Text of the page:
ABSTRACT

Throughout much of the developing world, capacity building efforts are often delivered without implementing guidelines, whereby receiving states accept offers and/or expend their own funds for training, technical assistance and resource procurements without sound long-term plans of how to effectively capitalize on the efforts and truly build sustainable response preparedness capacity. The scope of various international, governmental and nongovernmental programs available to countries in need is potentially vast, but all too often contractors, offering organizations, or multiple agencies within the same offering organization or nation, provide capacity building that is not always linked to each other or designed to optimally build upon each other in a successive manner that moves the sovereign recipient towards a more robust response preparedness posture. This paper illustrates how a simple application of program evaluation and strategic planning, used along with very basic drills and exercises and the ARPEL RETOS™ tool assessments, can help developing states set true paths towards building better oil spill response preparedness structures in drastically resource constrained, multi-agency environments. This paper discusses how RETOS™ was used to assess oil spill response preparedness throughout the Wider Caribbean Region and presents the audience with a new outlook for conducting capacity building efforts in developing states.

INTRODUCTION

For over 21 years RAC/REMPEITC-Caribe has worked with many partners throughout the Wider Caribbean Region (WCR) to assist States in the Region in preventing and responding to pollution in the marine environment through: the development and assessment of national and multilateral contingency plans; the organization, coordination and facilitation of training courses and workshops; and the provision of technical support, consultancy, information and public awareness. Since 2005 alone, RAC/REMPEITC-Caribe has organized or attended over 250 workshops or meetings. Since its inception, RAC/REMPEITC-Caribe has also maintained a close partnership with ARPEL and OSRL (and its predecessors). Together these organizations have conducted training courses, developed guidance, and conducted workshops throughout the WCR in efforts to build the preparedness response capacity of the Region’s developing States.

An International Maritime Organization (IMO) Regional Workshop on Oil Spill Contingency Planning was held at the LJM Maritime Academy, on Maritime Cay in Nassau, Bahamas from 13 to 16 December 2016. The workshop was organized in accordance with RAC/REMPEITC-Caribe’s proposal to IMO’s Technical Co-operation Committee for the Center’s activities of the 2015–2017 bienniums. Funding was provided under the Integrated Technical Co-operation Program of IMO. The workshop was intended for senior managers and contingency planners from national authorities throughout the WCR responsible for oil spill preparedness, response and cooperation. In addition to the host country, The Bahamas, the participating countries sponsored by RAC/REMPEITC-Caribe to attend the workshop included: Antigua, Barbados, Belize, Costa Rica, Grenada, Guatemala, Jamaica, St. Lucia, Trinidad and Tobago, and Panama. The objective of the four-day workshop was to provide training on oil spill preparedness and contingency planning, as well as developing hands-on working knowledge of the use, and advantages of, the ARPEL Manual and Readiness Evaluation Tool for Oil Spills (RETOS™) developed by the Regional Association of Oil, Gas and Biofuels Sector Companies in Latin America and the Caribbean (ARPEL), in analyzing and identifying gaps in national oil spill preparedness and response programs (Taylor et al., 2014). The intent was to have participants acquire and improve their knowledge related oil spill preparedness and response, while actually reviewing and assessing their respective government’s national oil spill contingency preparedness and response programs through the use of the RETOS™ tool and simple table top exercises. Program evaluation and strategic planning methods were added to the workshop agenda to help ensure the outcomes of the workshop would lead to effective capacity building in the participant States following the workshop. The four specific goals of the workshop were to:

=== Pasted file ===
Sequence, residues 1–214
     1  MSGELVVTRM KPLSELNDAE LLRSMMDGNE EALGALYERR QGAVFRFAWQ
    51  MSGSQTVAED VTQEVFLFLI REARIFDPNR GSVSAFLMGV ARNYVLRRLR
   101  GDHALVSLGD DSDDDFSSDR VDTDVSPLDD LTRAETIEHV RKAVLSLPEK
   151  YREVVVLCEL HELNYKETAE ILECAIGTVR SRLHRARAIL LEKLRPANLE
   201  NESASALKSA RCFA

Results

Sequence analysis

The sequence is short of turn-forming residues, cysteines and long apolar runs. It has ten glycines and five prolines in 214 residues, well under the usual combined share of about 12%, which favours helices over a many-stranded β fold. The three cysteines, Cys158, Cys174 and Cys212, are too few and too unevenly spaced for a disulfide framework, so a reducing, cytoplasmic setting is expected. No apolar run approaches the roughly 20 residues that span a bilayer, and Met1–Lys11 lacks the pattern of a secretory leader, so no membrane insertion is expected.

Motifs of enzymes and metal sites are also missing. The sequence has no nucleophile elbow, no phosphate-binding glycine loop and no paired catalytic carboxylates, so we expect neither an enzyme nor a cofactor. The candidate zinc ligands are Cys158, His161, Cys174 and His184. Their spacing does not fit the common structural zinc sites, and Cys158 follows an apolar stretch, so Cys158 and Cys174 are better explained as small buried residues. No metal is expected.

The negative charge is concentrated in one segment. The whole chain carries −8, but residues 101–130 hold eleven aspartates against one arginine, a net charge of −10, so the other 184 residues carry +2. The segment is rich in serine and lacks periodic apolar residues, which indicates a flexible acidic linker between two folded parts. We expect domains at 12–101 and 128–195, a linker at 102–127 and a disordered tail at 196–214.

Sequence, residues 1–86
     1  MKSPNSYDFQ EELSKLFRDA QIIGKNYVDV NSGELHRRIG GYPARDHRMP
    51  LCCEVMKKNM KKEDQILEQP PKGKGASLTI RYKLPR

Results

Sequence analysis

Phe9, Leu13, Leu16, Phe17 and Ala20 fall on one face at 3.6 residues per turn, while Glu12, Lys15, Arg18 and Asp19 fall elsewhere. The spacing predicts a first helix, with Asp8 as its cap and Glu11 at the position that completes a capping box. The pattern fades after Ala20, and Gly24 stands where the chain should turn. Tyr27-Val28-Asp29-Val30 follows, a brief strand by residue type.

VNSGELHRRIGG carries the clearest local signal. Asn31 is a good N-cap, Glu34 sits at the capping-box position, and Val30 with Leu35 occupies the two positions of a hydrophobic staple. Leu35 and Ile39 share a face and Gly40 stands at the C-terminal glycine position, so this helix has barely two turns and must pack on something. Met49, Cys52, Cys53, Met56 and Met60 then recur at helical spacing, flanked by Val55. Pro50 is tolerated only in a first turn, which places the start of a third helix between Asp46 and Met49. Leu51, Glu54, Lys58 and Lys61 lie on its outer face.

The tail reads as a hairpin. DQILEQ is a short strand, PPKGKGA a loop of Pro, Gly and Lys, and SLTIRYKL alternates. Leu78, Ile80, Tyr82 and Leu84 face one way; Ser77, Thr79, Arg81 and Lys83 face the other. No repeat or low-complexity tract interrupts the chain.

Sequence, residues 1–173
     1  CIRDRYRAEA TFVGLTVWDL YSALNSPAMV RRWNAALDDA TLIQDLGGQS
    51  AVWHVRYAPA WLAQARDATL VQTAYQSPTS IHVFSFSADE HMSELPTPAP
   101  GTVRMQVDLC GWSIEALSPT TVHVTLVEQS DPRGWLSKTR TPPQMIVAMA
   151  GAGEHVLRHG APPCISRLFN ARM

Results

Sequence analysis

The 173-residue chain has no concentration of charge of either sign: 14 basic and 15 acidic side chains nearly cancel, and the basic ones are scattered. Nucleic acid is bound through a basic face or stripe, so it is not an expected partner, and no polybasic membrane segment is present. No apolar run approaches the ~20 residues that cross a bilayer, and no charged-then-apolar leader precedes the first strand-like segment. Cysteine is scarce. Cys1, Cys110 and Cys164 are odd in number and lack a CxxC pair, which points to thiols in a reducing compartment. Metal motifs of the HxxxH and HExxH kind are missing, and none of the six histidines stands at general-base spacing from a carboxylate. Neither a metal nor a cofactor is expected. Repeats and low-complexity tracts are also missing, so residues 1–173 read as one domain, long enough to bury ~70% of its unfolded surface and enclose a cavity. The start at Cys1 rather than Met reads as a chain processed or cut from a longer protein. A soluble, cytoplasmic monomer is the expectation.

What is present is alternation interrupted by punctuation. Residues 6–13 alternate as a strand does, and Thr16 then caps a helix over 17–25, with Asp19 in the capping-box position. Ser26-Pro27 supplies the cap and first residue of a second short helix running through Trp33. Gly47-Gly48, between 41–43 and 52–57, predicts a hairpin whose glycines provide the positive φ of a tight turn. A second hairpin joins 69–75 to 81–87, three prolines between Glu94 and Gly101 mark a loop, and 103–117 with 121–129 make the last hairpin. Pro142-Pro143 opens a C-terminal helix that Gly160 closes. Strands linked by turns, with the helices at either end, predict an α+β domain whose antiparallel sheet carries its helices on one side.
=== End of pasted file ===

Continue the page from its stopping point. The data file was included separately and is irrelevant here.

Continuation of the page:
• Improve understanding of the oil spill contingency planning process;

  • Develop familiarization with, and provide tools for, implementing national oil spill preparedness and response drills and exercise programs;

  • Assess national oil spill preparedness and response programs, national response systems, and national contingency plans of the WCR using simple table top exercises;

  • Assess national oil spill preparedness and response programs, national response systems, and national contingency plans of the WCR using RETOS™; and

  • Depart the workshop with the outline of a strategic plan framework that can be directly used as an improvement plan for building capacity and making needed changes to national oil spill preparedness and response programs, national response systems, and national contingency plans.

The workshop products included the following for each participant State’s national oil spill preparedness and response program:

  1. A comprehensive list of stakeholders both internal and external to their program’s strategic planning process;

  2. A master list of concerns and issues, along with a collective list of recommendations for improvements created from the RETOS assessments, table top exercises, and facilitated program improvement discussions conducted during the workshop;

  3. Identification of potential oil spill response resource and capability strengths and weaknesses, as well as programmatic opportunities and threats; and